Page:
Standing in line Friday to buy his usual lunchtime snack of Starbursts, Mentos and Sour Patch Kids, seventh-grader Harrison Peters was shocked to learn that his Agoura Hills middle school no longer sells candy. The 13-year-old took one look at the granola bars and fruit juices and walked away.
"I don't think it's fair," the Lindero Canyon Middle School student said. "Candy's the only good thing that's a snack."
The collective groan over the absence of candy at his campus is likely to be echoed throughout California this week as returning students face distinctly more nutritious lunches. But students on the hunt for a healthful lunch, while a minority at campuses visited last week, rejoiced at the changes on their cafeteria menus.
Once solely the domain of mystery meat, tired green beans and Tater Tots, cafeterias are offering such healthful alternatives as soy milk, turkey burgers and sushi. Revamped menus are in the works from San Diego to Sacramento as schools reexamine their role in students' health and the childhood obesity epidemic.
Nutrition experts correlate the tripling of teen obesity rates in the last 20 years with the wide availability of fatty foods, at school and elsewhere, and the raising of generations of "desk potatoes" -- kids focused on academics to the exclusion of physical activity. One in four California children is now overweight or obese and thus more susceptible to health problems such as diabetes and asthma.
And although obesity's causes are complex, health advocates are holding schools partly responsible for establishing sound eating habits.
Key to the challenge, educators say, is providing appetizing alternatives to the high-carbohydrate, high-fat foods that children like.
"We have an obligation to give these kids the nutrition that they need," said Sue Gilroy, food services director for San Diego County's Sweetwater Union High School District. "The challenge is to present that in a way that appeals to them."
Cafeterias know that dramatic changes will hurt sales, so many are tweaking offerings, such as baking instead of frying chicken nuggets and using partial skim-milk cheese for pizzas.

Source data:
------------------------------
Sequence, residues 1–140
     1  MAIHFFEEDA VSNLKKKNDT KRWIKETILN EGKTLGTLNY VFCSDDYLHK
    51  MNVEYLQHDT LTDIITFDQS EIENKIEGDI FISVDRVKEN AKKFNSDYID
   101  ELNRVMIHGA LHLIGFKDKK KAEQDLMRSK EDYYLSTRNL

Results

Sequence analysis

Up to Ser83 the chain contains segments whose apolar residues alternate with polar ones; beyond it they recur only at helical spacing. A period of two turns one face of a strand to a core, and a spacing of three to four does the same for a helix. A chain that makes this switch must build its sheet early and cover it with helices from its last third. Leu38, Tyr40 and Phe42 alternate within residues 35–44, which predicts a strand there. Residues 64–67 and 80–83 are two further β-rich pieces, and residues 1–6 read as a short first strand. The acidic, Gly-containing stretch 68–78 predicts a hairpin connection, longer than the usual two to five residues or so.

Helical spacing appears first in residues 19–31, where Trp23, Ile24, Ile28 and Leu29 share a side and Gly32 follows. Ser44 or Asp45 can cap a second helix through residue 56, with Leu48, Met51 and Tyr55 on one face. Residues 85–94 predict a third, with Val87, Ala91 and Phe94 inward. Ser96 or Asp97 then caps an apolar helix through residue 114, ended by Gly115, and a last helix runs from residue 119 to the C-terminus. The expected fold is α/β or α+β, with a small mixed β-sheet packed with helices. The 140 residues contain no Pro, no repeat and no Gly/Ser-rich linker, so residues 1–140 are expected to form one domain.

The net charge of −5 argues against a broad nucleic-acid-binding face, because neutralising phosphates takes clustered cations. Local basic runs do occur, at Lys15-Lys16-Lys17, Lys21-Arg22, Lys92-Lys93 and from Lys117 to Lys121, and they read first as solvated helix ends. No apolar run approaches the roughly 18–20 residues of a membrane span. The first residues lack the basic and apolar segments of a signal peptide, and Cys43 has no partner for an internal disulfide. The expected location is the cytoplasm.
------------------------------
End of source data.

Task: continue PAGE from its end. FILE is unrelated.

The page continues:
Several districts, including La Canada Flintridge and Folsom Cordova near Sacramento, have hired new food service directors to revamp their menus, as Gilroy did when she came to her district a year ago after two decades at San Diego Unified.
When she arrived, middle school students could buy glazed doughnuts every day, and a 5.5-ounce cheeseburger was on the menu at some schools. Many sandwiches were served on buttery croissants, and at some campuses, food was fried in lard.
"I was pretty floored," she said. "It was like stepping back in time 25 years."
Now, burritos have replaced deep-fried taquitos and chimichangas on Mexican food plates, and schools offer such snacks as fresh jicama and cucumber with lime and chile. Sandwiches are made on bagels, not croissants.
Starting this week at the district's 11 middle schools, no doughnuts will be sold. At all of its campuses, the district will sell turkey and chicken burgers along with rice bowls.
Much of the menu revamping is prompted by new laws.
A California bill banning soda sales in elementary, junior high and middle school campuses starting in July cleared the Legislature on Thursday and is headed for the governor's desk.
And by 2004, food sold at California's elementary and middle schools must meet more stringent nutritional requirements. On elementary campuses, for example, only milk, water and juice can be sold, and no more than 35% of snack calories can come from fat.
School districts are now turning to gimmicks and coy food presentation to promote nutrition.
Pasadena Unified, for example, plans to hold taste tests, international food festivals, rap contests about health and campus visits from a nutrition magician who performs tricks with healthful food.
At Riverside's Martin Luther King High School, fruit, vegetable sticks and salad appear at the front of the cafeteria line, and fries sit at the end -- when plates may be filled. In between, students will find less beef and more chicken. Except for those fries, food is baked.
Student reaction was mixed to the ploy of positioning healthful foods at the head of the line; some picked up salads, carrot sticks and nectarines. But most still waited to load their trays with fatty favorites such as potato chips and chocolate-chip cookies.
Sophomore Candyce Meeks, 15, picked up a peanut butter-and-jelly sandwich on wheat bread, red grapes, bottled water and a cookie. "I need the nutrition for sports," said Candyce, who swims and plays water polo.
Candyce and her friends dismissed the prepared salads as unappetizing and boring. They want a salad bar.
"The ones here have cheese and eggs," Candyce said with disdain. "We should be able to choose what we want on our salads, so we can be healthier."